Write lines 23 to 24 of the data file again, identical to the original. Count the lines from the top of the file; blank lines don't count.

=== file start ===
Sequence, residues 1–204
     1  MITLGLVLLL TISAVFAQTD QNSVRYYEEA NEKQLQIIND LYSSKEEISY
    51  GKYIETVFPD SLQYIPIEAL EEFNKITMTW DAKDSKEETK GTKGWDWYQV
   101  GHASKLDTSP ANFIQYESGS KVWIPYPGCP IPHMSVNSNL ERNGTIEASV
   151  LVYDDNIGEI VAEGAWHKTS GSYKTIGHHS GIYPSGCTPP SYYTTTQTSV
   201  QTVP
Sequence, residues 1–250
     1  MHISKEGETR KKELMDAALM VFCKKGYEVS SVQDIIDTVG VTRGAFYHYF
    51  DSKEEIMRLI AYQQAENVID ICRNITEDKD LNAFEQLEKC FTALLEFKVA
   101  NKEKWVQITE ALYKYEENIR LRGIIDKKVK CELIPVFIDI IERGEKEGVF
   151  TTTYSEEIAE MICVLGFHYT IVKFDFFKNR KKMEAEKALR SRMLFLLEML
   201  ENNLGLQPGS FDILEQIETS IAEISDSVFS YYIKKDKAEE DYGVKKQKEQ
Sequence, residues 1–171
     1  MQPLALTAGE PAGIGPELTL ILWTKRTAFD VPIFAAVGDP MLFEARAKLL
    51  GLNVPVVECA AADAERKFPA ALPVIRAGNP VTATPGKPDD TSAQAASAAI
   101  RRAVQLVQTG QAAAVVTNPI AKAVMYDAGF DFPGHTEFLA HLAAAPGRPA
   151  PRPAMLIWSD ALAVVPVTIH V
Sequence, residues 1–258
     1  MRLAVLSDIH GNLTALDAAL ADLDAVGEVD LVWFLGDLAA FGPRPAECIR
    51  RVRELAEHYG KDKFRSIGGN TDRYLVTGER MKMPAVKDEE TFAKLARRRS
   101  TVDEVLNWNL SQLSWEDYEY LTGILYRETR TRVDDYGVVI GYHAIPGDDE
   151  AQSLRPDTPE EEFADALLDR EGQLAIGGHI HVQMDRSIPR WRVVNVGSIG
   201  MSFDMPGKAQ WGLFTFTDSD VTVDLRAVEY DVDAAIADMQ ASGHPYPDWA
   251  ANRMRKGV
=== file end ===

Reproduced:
   201  MSFDMPGKAQ WGLFTFTDSD VTVDLRAVEY DVDAAIADMQ ASGHPYPDWA
   251  ANRMRKGV